Disability rights groups and parents of disabled children filed a federal lawsuit Aug. 24 challenging the South Carolina budget proviso that bans school districts from requiring masks in schools.
The groups and parents are represented by the American Civil Liberties Union (ACLU) of South Carolina and other legal groups. The lawsuit argues that the enforcement of the proviso places students, teachers and staff, as well as their families, at risk. In addition, the suit claims, the measure particularly targets children with disabilities that put them at higher risk for severe illness, lingering disabilities, or even death due to COVID-19.
“Students with health conditions or disabilities that make them vulnerable to COVID have a right to attend school without endangering their health or safety,” Susan Mizner, director of the ACLU’s disability rights program, said in a press release. “Schools who have children with these conditions have legal obligations under federal disability rights laws.”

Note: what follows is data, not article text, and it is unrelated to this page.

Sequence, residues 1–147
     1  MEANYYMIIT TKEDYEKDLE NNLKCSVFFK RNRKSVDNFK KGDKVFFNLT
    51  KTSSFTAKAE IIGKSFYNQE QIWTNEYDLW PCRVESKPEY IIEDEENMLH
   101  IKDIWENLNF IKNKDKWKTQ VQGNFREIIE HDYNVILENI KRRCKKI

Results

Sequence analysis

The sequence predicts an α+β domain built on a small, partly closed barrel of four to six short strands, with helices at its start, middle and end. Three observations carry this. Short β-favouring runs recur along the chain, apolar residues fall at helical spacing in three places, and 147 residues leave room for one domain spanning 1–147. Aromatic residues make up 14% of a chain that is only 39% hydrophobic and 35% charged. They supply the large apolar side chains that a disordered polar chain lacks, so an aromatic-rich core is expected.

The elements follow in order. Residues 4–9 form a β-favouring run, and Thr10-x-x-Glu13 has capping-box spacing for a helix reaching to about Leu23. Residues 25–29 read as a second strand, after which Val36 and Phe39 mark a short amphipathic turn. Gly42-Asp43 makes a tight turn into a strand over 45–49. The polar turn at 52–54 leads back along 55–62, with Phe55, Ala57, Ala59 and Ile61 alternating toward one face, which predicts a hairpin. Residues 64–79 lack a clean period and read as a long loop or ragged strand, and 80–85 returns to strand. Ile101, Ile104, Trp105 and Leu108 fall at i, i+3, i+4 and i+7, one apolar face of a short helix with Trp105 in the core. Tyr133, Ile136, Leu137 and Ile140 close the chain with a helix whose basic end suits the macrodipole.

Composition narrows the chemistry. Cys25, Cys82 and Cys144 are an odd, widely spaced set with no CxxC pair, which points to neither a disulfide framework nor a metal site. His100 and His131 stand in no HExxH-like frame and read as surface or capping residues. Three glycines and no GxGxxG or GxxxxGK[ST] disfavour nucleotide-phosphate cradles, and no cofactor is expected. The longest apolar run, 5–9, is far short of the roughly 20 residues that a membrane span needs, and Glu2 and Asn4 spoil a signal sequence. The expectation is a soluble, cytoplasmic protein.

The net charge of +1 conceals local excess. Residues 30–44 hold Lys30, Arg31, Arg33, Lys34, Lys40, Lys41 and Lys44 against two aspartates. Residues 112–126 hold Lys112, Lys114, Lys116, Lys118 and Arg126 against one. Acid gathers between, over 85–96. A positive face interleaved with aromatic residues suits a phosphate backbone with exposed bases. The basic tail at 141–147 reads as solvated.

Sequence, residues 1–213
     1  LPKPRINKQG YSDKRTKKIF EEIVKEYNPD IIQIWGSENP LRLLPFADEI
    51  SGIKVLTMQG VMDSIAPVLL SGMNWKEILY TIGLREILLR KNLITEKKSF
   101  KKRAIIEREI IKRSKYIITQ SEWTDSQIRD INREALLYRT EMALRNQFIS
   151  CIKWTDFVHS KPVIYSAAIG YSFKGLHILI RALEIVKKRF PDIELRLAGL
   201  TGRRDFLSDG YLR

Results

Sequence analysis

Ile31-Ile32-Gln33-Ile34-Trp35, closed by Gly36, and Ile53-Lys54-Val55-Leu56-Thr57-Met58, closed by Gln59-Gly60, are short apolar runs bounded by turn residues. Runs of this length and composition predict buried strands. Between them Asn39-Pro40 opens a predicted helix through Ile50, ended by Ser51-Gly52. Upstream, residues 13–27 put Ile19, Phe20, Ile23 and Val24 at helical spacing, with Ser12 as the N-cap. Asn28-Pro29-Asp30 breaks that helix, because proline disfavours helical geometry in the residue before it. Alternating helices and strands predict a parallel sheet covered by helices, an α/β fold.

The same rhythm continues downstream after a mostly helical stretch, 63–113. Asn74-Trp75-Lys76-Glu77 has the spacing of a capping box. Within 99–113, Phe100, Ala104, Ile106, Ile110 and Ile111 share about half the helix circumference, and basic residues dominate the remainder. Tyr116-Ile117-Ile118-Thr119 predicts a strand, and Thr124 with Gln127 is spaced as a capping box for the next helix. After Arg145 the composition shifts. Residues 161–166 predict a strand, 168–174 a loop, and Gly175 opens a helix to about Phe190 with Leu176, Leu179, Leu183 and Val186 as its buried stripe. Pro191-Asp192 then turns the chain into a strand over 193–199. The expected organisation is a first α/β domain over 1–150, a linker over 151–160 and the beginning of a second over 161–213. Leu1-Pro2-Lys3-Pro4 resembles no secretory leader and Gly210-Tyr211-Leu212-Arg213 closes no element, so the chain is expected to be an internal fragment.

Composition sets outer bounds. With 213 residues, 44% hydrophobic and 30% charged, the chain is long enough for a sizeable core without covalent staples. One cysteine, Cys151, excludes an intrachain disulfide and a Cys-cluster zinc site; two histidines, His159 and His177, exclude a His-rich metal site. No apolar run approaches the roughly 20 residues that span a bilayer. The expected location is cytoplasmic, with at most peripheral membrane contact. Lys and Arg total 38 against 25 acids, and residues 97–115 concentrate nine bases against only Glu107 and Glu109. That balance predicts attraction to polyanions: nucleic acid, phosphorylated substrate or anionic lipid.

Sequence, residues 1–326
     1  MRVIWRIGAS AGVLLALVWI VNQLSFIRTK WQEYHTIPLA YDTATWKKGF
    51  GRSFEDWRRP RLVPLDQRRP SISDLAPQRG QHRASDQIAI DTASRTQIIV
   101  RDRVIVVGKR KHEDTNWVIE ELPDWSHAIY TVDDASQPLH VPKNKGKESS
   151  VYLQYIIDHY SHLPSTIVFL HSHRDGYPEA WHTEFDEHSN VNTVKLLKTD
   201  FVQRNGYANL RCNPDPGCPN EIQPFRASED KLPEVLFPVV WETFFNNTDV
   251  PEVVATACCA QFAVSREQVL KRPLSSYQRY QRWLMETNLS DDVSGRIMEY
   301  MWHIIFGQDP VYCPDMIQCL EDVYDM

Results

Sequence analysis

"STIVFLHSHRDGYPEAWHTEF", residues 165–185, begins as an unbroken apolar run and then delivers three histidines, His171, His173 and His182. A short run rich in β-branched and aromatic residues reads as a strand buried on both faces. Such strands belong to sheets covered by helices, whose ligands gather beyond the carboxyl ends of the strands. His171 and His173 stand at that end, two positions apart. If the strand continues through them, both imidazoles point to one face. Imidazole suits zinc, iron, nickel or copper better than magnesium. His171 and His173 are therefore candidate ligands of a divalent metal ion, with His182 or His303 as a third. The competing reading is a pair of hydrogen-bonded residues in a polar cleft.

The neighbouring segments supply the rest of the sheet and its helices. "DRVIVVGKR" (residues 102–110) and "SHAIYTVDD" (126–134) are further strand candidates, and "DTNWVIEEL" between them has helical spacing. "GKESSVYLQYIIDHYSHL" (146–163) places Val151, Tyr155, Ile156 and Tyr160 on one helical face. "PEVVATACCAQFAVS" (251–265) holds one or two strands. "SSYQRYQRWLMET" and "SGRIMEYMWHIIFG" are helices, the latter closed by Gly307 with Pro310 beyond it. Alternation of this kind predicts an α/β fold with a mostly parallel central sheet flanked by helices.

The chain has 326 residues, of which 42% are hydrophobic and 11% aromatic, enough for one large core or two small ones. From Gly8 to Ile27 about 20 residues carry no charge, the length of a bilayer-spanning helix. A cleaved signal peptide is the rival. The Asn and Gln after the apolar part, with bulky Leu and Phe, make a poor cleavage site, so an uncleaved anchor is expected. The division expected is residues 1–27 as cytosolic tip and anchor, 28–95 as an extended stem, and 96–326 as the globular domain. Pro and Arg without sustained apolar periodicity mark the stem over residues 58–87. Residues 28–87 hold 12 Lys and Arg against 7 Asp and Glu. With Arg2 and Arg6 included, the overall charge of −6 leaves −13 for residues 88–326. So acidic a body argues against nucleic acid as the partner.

The complaint lists state officials, including Gov. Henry McMaster, Attorney General Alan Wilson and Superintendent Molly Spearman, as well as school districts in Charleston, Greenville, Horry, Lexington, Oconee, Dorchester and Pickens counties.
Charleston is among the districts that have passed mask requirements that have triggered legal threats from Wilson. But as protesters yelled about the mandates outside the district’s Tuesday meeting, leaders backtracked, saying no requirements will be enforced in local schools.
A full copy of the formal complaint can be read at aclusc.org.
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